An official website of the United States government
Here's how you know
A .mil website belongs to an official U.S. Department of Defense organization in the United States.
A lock (lock ) or https:// means you’ve safely connected to the .mil website. Share sensitive information only on official, secure websites.













NEWS | March 29, 2016

Army Reserve Command offers low-cost medical readiness training for combat medics

By Staff Sgt. David Clemenko 99th Regional Support Command

The Army Reserve’s 99th Regional Support Command will take over the Medical Skills Training Center here beginning April 1, to provide combat medics with the required training for Emergency Medical Training certification.

”The MSTCs were created to provide combat medics the required 72 hours of training to be licensed through the National Registry EMT,” said Sgt. 1st Class David Lovett, MSTC course coordinator, 99th Regional Support Command. “To hold the combat medic Military Occupational Specialty, you must have this certification and it expires every two years.”

The training was previously managed by the 7230th Medical Support Unit, but the two Soldiers running the course were moving and the unit was unable to replace them. For the MSTC to continue operations, it must have a military course coordinator who is a combat medic and E-6 or above.

Understanding the importance of this facility and the training it provides to Army medics, the 99th RSC Surgeon’s Office saw an opportunity to provide support and assigned Lovett to manage the training.

Currently there are 21 MSTC facilities around the country. Most are managed by active-duty Army with a few National Guard and two Army Reserve facilities.

“I am technically the Soldiers’ first sergeant for the time they are here,” said Lovett. “When the Soldiers arrive, we take care of everything, which includes training, meals, lodging, food and sometimes even transportation.”

Becoming a combat medic begins with 16 weeks of Advanced Individual Training at Fort Sam Houston, Texas. When the Soldiers graduate, they are a licensed EMT through the national registry, which is a civilian organization.

Two years after graduation, that certification will expire and the Soldier will need to be re-certified. There is a core curriculum of classes that count toward the re-certification, and it must add up to 72 hours before it’s complete.

Re-certification is a monumental task that takes a lot of coordination and a state-of-the-art facility. Unlike many other MSTCs, this facility does not charge the unit. The only thing a Soldier needs to bring are orders and transportation to the facility; everything else is covered.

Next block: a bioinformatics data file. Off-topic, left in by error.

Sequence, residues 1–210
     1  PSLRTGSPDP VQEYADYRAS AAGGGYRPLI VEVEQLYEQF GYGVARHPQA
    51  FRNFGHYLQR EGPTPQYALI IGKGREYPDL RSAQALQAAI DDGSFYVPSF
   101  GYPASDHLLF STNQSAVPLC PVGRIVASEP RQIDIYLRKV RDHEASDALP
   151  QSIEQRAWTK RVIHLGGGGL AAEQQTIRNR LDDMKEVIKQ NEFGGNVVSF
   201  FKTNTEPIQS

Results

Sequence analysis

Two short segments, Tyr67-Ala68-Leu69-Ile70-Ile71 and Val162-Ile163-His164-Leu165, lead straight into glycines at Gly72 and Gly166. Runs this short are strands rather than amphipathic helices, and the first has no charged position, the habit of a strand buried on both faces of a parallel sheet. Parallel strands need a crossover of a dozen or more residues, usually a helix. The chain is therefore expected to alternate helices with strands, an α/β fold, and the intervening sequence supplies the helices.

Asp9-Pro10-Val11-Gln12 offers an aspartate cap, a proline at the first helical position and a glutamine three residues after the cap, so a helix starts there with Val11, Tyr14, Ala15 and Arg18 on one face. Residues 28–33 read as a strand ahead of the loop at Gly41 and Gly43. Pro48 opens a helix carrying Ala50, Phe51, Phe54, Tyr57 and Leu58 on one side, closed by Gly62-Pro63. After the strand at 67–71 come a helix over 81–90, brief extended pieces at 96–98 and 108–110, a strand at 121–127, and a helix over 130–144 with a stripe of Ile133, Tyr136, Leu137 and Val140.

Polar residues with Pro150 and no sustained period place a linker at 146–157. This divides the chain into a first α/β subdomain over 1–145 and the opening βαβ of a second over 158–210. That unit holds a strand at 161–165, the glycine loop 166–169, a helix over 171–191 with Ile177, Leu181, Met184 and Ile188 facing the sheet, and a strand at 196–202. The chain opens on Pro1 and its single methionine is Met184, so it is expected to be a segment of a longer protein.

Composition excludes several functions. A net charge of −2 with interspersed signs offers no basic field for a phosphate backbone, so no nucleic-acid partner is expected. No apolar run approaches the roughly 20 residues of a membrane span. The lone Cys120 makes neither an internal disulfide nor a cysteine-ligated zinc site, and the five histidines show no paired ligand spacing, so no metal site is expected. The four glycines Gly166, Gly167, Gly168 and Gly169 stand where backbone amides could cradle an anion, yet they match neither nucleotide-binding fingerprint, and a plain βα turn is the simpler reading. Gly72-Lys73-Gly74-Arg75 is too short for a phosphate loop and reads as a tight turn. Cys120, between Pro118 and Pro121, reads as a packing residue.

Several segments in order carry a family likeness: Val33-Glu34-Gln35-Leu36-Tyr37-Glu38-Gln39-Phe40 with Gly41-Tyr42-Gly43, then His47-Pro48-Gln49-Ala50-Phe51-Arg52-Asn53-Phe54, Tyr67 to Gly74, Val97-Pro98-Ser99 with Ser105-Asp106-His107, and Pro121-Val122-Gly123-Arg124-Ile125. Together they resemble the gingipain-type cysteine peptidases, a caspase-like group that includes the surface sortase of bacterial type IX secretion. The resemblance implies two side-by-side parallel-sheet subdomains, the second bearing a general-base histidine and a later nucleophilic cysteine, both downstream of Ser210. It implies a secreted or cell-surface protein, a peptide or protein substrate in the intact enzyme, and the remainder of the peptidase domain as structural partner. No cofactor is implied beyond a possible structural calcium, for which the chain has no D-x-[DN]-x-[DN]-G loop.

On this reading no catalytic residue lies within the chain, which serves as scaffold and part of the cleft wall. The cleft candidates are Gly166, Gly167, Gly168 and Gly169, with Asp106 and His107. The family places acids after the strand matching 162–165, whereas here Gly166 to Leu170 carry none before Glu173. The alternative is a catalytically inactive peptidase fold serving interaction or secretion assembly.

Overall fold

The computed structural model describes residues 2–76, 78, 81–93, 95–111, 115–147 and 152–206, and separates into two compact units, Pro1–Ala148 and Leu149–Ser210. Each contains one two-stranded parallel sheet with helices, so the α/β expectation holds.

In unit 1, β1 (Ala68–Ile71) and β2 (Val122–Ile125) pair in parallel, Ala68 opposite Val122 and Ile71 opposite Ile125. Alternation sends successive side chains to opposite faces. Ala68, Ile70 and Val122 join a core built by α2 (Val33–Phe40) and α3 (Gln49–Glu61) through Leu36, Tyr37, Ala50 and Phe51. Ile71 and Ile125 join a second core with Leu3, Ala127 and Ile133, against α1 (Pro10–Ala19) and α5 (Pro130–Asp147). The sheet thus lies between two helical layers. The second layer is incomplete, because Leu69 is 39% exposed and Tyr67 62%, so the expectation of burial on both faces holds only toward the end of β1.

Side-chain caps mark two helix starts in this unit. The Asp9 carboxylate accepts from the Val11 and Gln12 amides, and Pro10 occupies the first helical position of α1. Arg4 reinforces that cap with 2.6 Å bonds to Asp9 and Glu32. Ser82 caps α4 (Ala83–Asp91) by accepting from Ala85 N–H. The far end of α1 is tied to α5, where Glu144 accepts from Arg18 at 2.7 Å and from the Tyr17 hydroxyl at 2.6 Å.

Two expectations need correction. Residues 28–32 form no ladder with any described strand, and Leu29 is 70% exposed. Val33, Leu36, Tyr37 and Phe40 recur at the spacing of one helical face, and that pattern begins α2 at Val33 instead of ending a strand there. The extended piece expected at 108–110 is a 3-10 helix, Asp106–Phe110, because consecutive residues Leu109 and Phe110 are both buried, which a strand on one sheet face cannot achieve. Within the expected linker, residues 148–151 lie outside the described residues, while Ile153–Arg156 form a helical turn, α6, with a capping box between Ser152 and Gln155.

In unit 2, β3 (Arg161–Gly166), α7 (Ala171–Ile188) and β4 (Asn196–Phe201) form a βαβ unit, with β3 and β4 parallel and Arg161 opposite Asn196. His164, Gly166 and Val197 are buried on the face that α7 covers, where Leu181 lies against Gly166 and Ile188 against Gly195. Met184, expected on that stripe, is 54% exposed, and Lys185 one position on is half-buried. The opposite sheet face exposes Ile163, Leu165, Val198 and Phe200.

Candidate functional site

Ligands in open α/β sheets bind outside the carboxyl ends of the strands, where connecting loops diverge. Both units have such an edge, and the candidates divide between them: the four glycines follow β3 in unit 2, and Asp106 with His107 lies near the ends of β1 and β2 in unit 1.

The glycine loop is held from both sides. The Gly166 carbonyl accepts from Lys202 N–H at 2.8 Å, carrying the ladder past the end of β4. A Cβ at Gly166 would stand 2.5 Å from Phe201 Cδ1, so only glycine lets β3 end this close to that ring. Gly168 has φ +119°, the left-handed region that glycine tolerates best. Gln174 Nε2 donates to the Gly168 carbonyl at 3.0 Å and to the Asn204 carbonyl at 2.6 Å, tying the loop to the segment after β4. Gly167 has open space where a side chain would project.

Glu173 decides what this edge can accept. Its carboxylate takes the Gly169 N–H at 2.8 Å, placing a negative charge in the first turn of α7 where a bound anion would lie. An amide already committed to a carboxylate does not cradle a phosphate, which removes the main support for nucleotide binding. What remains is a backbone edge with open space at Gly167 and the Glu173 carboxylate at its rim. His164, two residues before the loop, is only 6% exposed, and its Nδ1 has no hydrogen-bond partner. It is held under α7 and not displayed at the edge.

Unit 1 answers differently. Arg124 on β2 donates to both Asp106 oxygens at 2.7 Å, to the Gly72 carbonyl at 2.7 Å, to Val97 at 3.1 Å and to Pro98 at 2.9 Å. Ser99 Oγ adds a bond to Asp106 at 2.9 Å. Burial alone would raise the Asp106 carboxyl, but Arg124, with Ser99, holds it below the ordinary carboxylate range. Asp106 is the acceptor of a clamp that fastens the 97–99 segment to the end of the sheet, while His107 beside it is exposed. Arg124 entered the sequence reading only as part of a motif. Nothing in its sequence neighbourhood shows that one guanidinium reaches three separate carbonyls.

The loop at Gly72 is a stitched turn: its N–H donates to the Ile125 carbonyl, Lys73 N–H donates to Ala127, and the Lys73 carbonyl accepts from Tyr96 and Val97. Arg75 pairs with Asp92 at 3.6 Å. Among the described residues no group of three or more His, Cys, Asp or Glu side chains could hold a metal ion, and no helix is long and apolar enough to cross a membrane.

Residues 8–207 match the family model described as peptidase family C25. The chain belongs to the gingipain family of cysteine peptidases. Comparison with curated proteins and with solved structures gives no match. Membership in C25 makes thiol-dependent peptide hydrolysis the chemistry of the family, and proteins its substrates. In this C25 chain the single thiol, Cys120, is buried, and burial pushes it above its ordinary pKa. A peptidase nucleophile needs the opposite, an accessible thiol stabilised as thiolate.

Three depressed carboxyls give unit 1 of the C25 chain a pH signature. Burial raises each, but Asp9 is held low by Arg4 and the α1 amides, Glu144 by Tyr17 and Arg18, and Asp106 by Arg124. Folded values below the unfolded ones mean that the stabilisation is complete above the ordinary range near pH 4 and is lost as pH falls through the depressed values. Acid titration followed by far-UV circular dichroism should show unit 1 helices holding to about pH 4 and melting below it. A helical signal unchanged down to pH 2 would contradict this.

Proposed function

The 72-hour, two-week course is a “get it all done” course. Attend this course and you complete your required training and certification for two years. While that is the most efficient, it’s not always something units are able to do. If units need to break up the training, this MSTC offers a 48-hour, eight-day course and a 24-hour, three-day course.

In addition to the EMT certification course, they also offer units a four-day combat life-saver class that is open to all Soldiers and units. All courses are offered every month.

“We have $80,000 mannequins that bleed, breathe and moan,” said Lovett. “The training rooms can have smoke, noise and special effects, and everything is video recorded for playback in the classroom.” There is also an outside course in the back of the facility with vehicles, obstacles and a building to run battle scenarios.

The facility is supported by five civilian contractors-one takes care of all the administrative tasks, with the other four conducting the classes. While it may seem like a full-time job, the course coordinator position, which will be held by Lovett beginning April 1, is not his only job.

“I volunteered for this position; the 99th wasn’t going to make anyone come over here,” said Lovett. “I still do my other work as the Mass Medical NCOIC, profile coordinator and the 99th Surgeon’s Office admin.”

“I truly believe in this program because it gives units the ability to stay ‘mobilization ready’,” added Lovett. “If a medic cannot sustain, then he or she is no longer a medic, they have to change their MOS or be kicked out. This program gives the units a low-cost way to keep their medics trained and ready.”

For units and medics interested in attending one of the courses offered, go to the JBMDL website at or (609)562-2444 or (609)562-2520.